If he must indict Prime Minister Benjamin Netanyahu, he will do it without hesitation, Attorney-General Avichai Mandelblit said on Thursday night, two days after the country was turned upside down by the possibility of another prime minister on trial.
Speaking at a conference at Tel Aviv University, he said it was unpleasant to probe or indict any minister, but he is bound to do what is right. While he knew Netanyahu well, it was only on a professional level, Mandelblit said.
He said he never visited Netanyahu at his personal Caesarea residence, and he conditioned working for him as cabinet secretary on his duties being only professional and not political.
Mandelblit said his original plan after finishing his term as top IDF lawyer was to become a district court judge, and he even considered turning Netanyahu’s job offer down but felt “a calling to the flag.”
The attorney-general refused to commit to any timeline for deciding Netanyahu’s fate. But he said it would be “much faster” because he has been very involved in directing the police.
Mandelblit said he was already very familiar with much of the case’s evidence because he followed the police’s progress so closely.
He said the prime minister definitely did not need to resign due to the police’s recommendations because they are not legally binding. But at the same time, he said, “obviously, they have significance.”
Asked to address whether he agrees with State Attorney Shai Nitzan’s strong statements in the past that Netanyahu is not a suspect in Case 3000 (the “submarine affair”) in light of all of the new evidence that has come to light in recent months, Mandelblit refused to comment.
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Pressed by the questioner that maybe his no comment, as opposed to a full denial that Netanyahu was a suspect, was a form of a confirmation that things had changed, Mandelblit demurred.
Earlier on Thursday, Mandelblit backed the police in response to attacks on them for their Tuesday recommendations to indict Netanyahu for bribery in two separate cases, saying the investigations were done “by the book.”
On Tuesday and Wednesday, the police came under attack from Netanyahu and Likud politicians for the recommendations. Also, late Wednesday night, Channel 2 and 10 reported new criticism against the police by unnamed state prosecution officials who reportedly said the recommendations were thrown together in a rush and sloppily, and the police would need to do further probing of certain issues to complete the file.
Initially, Mandelblit’s spokesman refused to confirm or deny the reports about criticisms of the police from anonymous state prosecution officials.
But Thursday morning, he issued a statement: “The publication of the police regarding the completion of their investigation into Cases 1000 and 2000 was done in complete coordination with the attorney-general” according to regulations.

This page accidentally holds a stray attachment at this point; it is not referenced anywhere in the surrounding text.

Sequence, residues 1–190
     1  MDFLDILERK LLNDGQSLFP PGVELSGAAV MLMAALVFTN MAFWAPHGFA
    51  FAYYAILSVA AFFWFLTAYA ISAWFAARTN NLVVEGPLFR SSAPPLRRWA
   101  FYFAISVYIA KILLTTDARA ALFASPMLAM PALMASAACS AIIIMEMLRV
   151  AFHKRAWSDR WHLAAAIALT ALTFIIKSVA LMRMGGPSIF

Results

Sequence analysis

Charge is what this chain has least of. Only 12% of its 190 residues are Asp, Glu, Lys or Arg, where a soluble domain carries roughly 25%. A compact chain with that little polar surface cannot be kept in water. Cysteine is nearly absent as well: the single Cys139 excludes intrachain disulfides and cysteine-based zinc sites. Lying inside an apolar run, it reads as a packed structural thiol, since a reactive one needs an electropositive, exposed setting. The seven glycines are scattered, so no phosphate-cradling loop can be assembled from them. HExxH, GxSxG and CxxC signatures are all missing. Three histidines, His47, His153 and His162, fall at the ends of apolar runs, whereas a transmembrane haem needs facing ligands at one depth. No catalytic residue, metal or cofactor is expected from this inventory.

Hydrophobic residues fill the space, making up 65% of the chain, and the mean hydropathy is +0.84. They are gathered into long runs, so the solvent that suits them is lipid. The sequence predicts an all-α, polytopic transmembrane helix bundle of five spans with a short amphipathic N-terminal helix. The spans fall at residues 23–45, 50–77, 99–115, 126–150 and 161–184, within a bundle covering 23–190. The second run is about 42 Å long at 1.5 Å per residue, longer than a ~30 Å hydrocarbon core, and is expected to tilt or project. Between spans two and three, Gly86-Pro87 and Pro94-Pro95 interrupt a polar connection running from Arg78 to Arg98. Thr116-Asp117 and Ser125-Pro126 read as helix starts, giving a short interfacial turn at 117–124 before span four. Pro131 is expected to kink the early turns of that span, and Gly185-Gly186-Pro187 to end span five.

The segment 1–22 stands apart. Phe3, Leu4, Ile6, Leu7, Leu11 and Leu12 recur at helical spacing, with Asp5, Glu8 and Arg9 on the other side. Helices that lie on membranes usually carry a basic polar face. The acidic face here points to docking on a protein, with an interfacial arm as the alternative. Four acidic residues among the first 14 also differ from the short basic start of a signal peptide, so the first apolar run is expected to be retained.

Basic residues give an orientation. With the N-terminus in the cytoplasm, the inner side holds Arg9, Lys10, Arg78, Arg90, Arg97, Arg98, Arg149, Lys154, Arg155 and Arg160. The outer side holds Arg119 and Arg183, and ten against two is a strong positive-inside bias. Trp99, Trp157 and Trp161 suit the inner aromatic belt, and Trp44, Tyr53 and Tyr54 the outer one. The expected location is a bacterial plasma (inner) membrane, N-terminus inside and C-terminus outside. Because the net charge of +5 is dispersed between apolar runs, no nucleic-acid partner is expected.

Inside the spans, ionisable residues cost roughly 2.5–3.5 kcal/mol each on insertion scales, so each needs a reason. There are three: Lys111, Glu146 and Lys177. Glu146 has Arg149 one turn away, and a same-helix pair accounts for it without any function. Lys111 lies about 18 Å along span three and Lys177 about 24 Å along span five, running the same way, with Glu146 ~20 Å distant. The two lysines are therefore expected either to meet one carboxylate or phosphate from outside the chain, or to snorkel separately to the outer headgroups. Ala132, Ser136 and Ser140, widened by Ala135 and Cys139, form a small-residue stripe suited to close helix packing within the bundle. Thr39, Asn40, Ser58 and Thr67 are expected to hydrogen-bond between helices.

The police statement was approved by Mandelblit and by Nitzan “as required and as is standard,” Mandelblit’s spokesman said. “The attorney-general and the state prosecution act in complete coordination and with excellent cooperation with the Israel Police.”
Qualifying that their support for the police to publish their statement did not mean final agreement with the police’s conclusions, Mandelblit’s spokesman said: “Obviously the legal conclusion regarding the cases will only be formulated after a careful review of all of the collected evidence... and the veracity of any other publications regarding this are purely” the responsibility of those who publish such reports.”
In other words, Mandelblit’s spokesman said he was not bound by the police. But he also poured some cold water on the idea and the reports that the state prosecution or Mandelblit is angry with the police’s recommendations.
Mandelblit echoed the same message himself in his speech on Thursday night.
“All attacks to separate me and the police are false,” he said. “We work together superbly and are committed solely to the rule of law and to revealing the truth.”
Regarding the police’s conduct of the investigations, Mandelblit said he had been involved in managing the gathering of evidence at all stages. More specifically, he said, “When we found something that would not get anywhere criminal, we did not waste time on it. When we found evidence that could help, nothing stopped us, and we went to far-off continents to get evidence.”
Mandelblit did not deny that there were sometimes different views about how to handle specific issues. But he said these were professional and nonpolitical, and he encouraged pluralism of sharing diverse views among law-enforcement officials.
The attorney-general said he ignored tweets, protests and all other “kinds of noise,” declaring that these pressures “do not influence us and they cannot... Nothing will stop us from seeking the truth.”
Mandelblit said there was a set process with Tel Aviv Economic Crimes Division Director Liat Ben Ari and her staff formulating their recommendations for Nitzan. Nitzan then will make his recommendations to Mandelblit, who will decide.
Meanwhile, Yesh Atid chairman Yair Lapid said on Thursday night he was not the key witness in the case against Netanyahu, and he was surprised to hear that he was from news reports. In an interview with Channel 2, he pointed out that there are 80 witnesses.
“I was questioned for 45 minutes, gave the facts as I know them and then didn’t hear anything until I saw on TV that I was the key witness,” he said. “I would rather beat Netanyahu in the ballot box.”
Lapid said the prime minister must quit or suspend himself.
“He cannot be prime minister, because a prime minister must work 24 hours a day, seven days a week, for the citizens of Israel, and Netanyahu cannot work 24/7 for the citizens of Israel,” he said.Gil Hoffman contributed to this report.
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